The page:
A common event we see take place when people start a new training or exercise program, or start adjusting their diet, is that they often opt for low calorie foods. From a young age the media, people around us, and even the education system have told us that calories (and counting them daily) is a way to stay on top of what you're eating, or a way to lose weight. "Low calorie" is a selling point on the labels of products you'll commonly see in the grocery store. While yes, it's true that a caloric surplus over an extended period of time can cause weight gain, most people don't realise that they simply aren't eating enough (for some, this can be noticed by bad cravings or wanting to binge eat).
After a few weeks of eating a low calorie diet a change will take place in your body. Your metabolism will begin to slow and your weight loss will plateau. In this situation it is common for people to cut calories again to see more weight loss. After a few months you may begin to find yourself getting fatigue, nausea, constipation or diarrhoea and even gallstones. If you still continue to stay on a low calorie diet after a few months you may see more serious side-effects, such as extremely low blood pressure, swelling of the joints, trouble concentrating, anaemia, brittle fingernails, potassium deficiency, heart abnormalities, and depression.
Often diet plans or online advice will tell women to opt for calorie ranges as low as "1200-1400" (note: depending on your height, age, sex 1200 cal/day may be acceptable for your body). We've also noticed that apps such as MyFitnessPal will generally set your "calorie goal" for the day at 1200, as standard. Calories are not something you should be overly worried about, just something to check in on from time to time; you should be more concerned about the type of foods you are eating. 500 calories of vegetables will not have the same impact on your body as 500 calories of a doughnut. Often, a correctly calculated and sustainable caloric intake will be higher than you think, you'd be surprised how difficult it can be some days to get enough calories in of the right foods (especially if you're someone who eats a plant-based diet). The Get Lean: Nutrition Guide offers a full explanation and way to calculate your daily caloric intake if you're unsure what it really is.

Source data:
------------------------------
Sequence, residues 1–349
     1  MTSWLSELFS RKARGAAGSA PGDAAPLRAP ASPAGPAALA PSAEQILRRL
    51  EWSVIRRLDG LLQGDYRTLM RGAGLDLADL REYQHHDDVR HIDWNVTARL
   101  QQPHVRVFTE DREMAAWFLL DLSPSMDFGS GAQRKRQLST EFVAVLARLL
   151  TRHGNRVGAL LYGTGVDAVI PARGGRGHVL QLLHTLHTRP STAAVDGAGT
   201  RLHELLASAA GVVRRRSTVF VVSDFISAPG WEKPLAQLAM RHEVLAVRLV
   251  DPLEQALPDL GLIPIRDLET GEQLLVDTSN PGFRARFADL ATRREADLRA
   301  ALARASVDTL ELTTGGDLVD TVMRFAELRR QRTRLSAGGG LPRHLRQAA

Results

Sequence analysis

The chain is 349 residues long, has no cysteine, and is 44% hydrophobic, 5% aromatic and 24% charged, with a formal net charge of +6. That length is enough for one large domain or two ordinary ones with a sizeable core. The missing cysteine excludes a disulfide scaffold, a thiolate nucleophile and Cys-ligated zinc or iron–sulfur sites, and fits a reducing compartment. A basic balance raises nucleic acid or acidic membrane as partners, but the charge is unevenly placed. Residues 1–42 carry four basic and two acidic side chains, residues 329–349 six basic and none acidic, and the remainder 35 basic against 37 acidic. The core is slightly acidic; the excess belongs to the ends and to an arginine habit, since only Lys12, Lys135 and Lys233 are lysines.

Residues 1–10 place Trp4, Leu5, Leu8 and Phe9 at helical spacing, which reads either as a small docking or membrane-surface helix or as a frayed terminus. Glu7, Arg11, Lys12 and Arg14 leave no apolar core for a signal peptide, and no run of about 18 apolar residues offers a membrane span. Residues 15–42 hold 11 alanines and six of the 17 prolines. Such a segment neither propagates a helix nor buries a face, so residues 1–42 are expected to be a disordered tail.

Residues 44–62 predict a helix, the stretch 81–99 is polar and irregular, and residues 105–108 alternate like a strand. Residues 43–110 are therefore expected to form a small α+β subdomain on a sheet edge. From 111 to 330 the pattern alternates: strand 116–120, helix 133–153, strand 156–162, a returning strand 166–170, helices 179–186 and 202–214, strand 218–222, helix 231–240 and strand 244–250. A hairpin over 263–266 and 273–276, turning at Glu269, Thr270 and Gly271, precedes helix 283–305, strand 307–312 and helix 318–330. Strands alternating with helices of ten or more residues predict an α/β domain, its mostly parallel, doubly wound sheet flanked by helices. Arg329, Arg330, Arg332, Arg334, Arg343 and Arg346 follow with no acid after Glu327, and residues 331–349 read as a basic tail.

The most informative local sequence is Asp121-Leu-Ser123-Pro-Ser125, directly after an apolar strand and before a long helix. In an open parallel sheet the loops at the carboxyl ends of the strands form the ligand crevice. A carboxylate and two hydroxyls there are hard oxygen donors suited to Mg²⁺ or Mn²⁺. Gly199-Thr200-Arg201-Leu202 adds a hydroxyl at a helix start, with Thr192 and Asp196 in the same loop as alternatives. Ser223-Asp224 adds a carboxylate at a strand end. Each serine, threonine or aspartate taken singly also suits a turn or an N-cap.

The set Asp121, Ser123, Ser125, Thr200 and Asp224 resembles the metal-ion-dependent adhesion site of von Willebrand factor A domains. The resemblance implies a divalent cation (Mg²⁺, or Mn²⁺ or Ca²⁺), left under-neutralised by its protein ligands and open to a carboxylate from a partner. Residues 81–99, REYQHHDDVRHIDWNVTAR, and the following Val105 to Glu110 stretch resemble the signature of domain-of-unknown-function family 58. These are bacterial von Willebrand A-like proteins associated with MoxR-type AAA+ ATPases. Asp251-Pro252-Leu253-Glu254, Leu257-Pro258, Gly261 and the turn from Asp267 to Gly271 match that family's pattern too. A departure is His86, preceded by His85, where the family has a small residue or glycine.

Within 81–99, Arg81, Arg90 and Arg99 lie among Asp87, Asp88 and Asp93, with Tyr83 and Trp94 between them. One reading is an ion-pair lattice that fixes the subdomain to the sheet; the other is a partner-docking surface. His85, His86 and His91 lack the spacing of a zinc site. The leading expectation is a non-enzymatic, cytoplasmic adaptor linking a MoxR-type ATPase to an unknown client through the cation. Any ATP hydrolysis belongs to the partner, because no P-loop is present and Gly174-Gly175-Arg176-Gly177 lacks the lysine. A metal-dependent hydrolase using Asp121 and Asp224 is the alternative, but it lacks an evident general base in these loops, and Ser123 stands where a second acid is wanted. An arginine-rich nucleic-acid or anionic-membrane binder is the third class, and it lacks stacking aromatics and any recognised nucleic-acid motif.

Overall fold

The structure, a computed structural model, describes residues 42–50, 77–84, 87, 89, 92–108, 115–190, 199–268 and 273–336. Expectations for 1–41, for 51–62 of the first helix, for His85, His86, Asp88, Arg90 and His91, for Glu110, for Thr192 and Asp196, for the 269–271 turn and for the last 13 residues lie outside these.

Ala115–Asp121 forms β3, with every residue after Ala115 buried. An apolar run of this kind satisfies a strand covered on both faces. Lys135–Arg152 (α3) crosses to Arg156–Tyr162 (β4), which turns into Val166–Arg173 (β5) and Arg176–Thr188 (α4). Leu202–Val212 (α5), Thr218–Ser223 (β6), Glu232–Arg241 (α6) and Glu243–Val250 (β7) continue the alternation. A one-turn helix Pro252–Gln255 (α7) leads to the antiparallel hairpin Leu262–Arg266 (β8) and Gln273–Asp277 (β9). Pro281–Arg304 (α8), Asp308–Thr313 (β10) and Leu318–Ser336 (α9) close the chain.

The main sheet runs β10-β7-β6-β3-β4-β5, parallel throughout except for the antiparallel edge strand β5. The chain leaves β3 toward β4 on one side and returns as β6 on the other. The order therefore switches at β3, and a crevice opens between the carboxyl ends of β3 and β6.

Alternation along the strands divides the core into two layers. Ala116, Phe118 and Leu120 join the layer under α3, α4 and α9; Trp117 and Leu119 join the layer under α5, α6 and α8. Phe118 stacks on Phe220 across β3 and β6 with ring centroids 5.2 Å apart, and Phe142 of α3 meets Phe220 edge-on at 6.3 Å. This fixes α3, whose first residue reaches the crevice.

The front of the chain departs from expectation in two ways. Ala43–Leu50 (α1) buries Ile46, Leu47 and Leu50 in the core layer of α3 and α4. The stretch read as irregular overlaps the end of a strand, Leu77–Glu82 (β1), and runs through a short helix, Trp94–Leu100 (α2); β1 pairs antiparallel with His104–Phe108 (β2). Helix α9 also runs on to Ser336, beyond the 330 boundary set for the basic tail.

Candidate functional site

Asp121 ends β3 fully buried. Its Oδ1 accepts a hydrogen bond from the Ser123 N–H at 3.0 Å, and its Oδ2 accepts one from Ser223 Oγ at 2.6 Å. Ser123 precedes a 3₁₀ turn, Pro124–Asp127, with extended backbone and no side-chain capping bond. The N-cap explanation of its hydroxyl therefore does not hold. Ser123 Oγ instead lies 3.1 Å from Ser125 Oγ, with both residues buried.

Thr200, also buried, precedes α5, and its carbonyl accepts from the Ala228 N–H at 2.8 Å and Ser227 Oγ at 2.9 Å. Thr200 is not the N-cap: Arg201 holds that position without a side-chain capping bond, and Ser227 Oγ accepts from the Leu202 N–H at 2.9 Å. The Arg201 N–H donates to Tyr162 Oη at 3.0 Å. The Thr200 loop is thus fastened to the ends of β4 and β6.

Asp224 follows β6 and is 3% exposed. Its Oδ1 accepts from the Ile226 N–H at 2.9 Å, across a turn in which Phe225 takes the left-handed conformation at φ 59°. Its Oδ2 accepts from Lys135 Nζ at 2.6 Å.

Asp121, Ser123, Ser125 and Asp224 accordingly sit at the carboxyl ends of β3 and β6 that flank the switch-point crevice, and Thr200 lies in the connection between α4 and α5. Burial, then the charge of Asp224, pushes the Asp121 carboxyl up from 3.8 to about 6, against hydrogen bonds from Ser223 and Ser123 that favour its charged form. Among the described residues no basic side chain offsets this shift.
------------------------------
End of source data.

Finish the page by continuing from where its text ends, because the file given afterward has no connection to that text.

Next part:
I have compiled a list of some calorie-dense healthy foods to help ensure that you're not under-eating!
If you'd like to learn more, grab your copy of the Nutrition Guide, or subscribe to the blog so we can keep in touch!